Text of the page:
Have your found yourself deciding to avoid activities such as golfing or hiking because you are worried about what may happen if you fall over? You aren't along, but that doesn't mean that you need to resign yourself to this emotion! Here, our Manotick physiotherapists explain how we can help to address balance issues.
It's no secret that as we grow older, the idea of falling over and injuring ourselves becomes more and more intimidating. An ill-timed slip at the wrong place can cause even the healthiest and fittest person to hurt themselves, break bones or dislocate joints.
In fact, studies show that 34% of Canadians over the age of 65 report a fear of falling and nearly half of those people report that they let that fear impact their day-to-day life.
However, you don't need to resign yourself to being wary of falls for the rest of your life! In fact, avoiding situations where you may have to repeatedly engage your balance and coordination may make it more likely that you fall. This is because there are a series of muscles and organ systems that help to govern your balance that need consistent engagement to stay strong and effective.
What helps me keep my balance?
Our ability to balance ourselves relies on 3 systems and sense: a sense called proprioception, a fluid-filled organ called our vestibular system and our sense of sight.
Proprioception is the sense that allows us to unconsciously be aware of our muscle movements, to know our body parts' locations without looking at them and to be able to move our body without having to consciously think about it. This sense helps us take sure steps and adjust our weight unconsciously to keep our balance.
The vestibular system is our body's way to track our motion, head orientation and spatial orientation. It's how we know up from down and how we know how to place our bodies when our situation is changing (this can be whenever we take a step or if we are standing on a rocking ship in the middle of a rough lake).
Of the three, perhaps our vision is the most obvious. We can look at our feet and the ground we are walking on to make sure we are standing properly and stepping in the right places.
All three of these bodily functions contribute to our balance. And, when they aren't consistently used, they can actually become less effective - like any muscle. By limiting your daily activities, you're actually contributing to the difficulty that your brain experiences when it comes to the signals being sent by each sense.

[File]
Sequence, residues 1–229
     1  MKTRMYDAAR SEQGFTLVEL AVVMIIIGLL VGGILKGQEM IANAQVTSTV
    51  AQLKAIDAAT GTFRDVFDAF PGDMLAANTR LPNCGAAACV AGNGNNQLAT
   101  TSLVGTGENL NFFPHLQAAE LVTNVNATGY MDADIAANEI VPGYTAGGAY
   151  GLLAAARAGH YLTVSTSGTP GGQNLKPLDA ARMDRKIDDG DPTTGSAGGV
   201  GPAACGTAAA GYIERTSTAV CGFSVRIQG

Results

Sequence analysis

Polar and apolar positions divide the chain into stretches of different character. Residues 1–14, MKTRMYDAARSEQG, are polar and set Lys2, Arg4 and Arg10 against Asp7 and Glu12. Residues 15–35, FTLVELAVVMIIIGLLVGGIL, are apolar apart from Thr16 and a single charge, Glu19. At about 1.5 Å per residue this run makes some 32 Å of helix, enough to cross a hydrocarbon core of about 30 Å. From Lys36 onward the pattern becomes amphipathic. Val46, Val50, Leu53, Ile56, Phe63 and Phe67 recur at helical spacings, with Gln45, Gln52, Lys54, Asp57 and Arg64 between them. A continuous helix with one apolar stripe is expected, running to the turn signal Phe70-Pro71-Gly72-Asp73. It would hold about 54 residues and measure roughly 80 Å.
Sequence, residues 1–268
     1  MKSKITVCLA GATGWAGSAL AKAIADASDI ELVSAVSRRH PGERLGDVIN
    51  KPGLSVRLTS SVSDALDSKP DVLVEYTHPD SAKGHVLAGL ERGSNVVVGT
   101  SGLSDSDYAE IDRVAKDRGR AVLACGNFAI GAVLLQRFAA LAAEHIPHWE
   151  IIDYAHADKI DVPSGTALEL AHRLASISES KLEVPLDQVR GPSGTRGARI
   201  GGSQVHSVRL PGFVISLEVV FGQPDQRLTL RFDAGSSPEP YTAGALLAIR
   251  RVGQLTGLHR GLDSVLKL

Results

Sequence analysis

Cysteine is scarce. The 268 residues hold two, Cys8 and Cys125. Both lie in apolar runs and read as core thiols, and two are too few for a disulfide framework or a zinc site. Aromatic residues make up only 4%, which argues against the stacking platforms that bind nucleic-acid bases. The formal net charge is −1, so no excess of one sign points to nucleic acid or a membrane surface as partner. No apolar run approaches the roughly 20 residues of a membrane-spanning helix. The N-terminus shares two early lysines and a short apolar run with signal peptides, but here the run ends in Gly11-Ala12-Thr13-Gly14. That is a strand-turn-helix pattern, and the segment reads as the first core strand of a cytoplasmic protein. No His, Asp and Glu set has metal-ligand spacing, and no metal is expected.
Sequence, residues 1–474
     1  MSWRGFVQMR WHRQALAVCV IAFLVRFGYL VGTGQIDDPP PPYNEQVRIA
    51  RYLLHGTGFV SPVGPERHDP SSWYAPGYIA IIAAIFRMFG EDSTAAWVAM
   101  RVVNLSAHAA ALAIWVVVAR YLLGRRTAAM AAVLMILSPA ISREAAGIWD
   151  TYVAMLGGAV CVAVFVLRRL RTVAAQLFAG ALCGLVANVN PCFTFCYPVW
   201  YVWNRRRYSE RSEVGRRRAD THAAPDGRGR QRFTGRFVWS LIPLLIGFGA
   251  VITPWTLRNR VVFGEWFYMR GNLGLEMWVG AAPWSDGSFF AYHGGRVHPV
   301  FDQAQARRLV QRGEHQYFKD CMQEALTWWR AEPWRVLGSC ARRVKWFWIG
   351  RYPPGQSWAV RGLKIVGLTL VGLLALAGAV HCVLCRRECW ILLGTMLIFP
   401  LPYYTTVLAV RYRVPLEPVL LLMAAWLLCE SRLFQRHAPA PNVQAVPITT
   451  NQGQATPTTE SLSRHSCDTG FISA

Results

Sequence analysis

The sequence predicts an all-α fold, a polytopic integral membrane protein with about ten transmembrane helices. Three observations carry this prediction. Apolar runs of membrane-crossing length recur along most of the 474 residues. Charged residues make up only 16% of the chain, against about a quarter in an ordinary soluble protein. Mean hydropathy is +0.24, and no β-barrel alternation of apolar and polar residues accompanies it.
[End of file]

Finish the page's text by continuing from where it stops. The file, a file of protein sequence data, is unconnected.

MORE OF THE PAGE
How can physiotherapy help me maintain and restore my balance?
Generally speaking, restoring your sense of balance and maintaining it are ongoing efforts. Because you are trying to give your brain and systems as much "practice" as possible with keeping your balance in safe environments, one of the most common ways of helping to restore your sense of balance and then maintain it involves specialized exercises designed to engage your sense of balance without putting you at risk of a fall.
As with any physiotherapy treatment, our Manotick physical therapists will start you out small and slow with prescribed balance and coordination exercises. With prescribed exercises and professional guidance, we will be able to help you regain your balance and your confidence in participating in the activities you love.
What kinds of exercises does a physiotherapy clinic prescribe to help with balance issues?
You should always consult with a physiotherapist before you start conducting any exercises designed to help maintain and restore your balance. Physical therapists will be able to assess your unique case and prescribe activities that will work best to help you with your balance.
Not each exercise is going to be useful in each case. And the last thing you want to do is accidentally do an activity that requires more balance than you have. This could result in injury. With all of that being said, here are some of examples of the kinds of exercises our Manotick physical therapists may prescribe to you in order to support the recovery and maintenance of your balance.
- Stand straight up with your feet together and eyes closed for 30 seconds. If you can, do this for a combined 5 minutes throughout the day. If this is too challenging, you can start with your feet slightly apart.
- Stand straight up on one foot and with your eyes open for 30 seconds. This should be done at least 3 times on each leg every day.
- Stand straight up with one foot in front of the other (like on a balance beam; or staggered if that is too narrow) for 30 seconds. This should be done each way, several times a day.
- If this gets too easy, challenge yourself further in any of these positions (throw a ball against a wall; move your arms; stand on a different surface).